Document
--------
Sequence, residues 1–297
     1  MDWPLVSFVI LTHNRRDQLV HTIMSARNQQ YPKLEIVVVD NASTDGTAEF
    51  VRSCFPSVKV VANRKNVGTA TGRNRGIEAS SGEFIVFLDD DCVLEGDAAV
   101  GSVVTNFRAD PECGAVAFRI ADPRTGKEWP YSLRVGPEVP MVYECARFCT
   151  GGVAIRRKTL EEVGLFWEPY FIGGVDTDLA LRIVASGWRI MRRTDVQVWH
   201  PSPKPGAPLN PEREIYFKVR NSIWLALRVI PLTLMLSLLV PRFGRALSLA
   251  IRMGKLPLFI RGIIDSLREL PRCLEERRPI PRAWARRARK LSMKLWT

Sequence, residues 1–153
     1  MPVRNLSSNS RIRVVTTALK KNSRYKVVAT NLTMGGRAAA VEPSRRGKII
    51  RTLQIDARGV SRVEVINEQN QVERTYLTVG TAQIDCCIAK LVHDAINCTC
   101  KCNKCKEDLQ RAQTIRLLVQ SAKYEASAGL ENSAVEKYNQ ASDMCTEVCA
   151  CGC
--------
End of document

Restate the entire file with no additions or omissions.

Sequence, residues 1–297
     1  MDWPLVSFVI LTHNRRDQLV HTIMSARNQQ YPKLEIVVVD NASTDGTAEF
    51  VRSCFPSVKV VANRKNVGTA TGRNRGIEAS SGEFIVFLDD DCVLEGDAAV
   101  GSVVTNFRAD PECGAVAFRI ADPRTGKEWP YSLRVGPEVP MVYECARFCT
   151  GGVAIRRKTL EEVGLFWEPY FIGGVDTDLA LRIVASGWRI MRRTDVQVWH
   201  PSPKPGAPLN PEREIYFKVR NSIWLALRVI PLTLMLSLLV PRFGRALSLA
   251  IRMGKLPLFI RGIIDSLREL PRCLEERRPI PRAWARRARK LSMKLWT

Sequence, residues 1–153
     1  MPVRNLSSNS RIRVVTTALK KNSRYKVVAT NLTMGGRAAA VEPSRRGKII
    51  RTLQIDARGV SRVEVINEQN QVERTYLTVG TAQIDCCIAK LVHDAINCTC
   101  KCNKCKEDLQ RAQTIRLLVQ SAKYEASAGL ENSAVEKYNQ ASDMCTEVCA
   151  CGC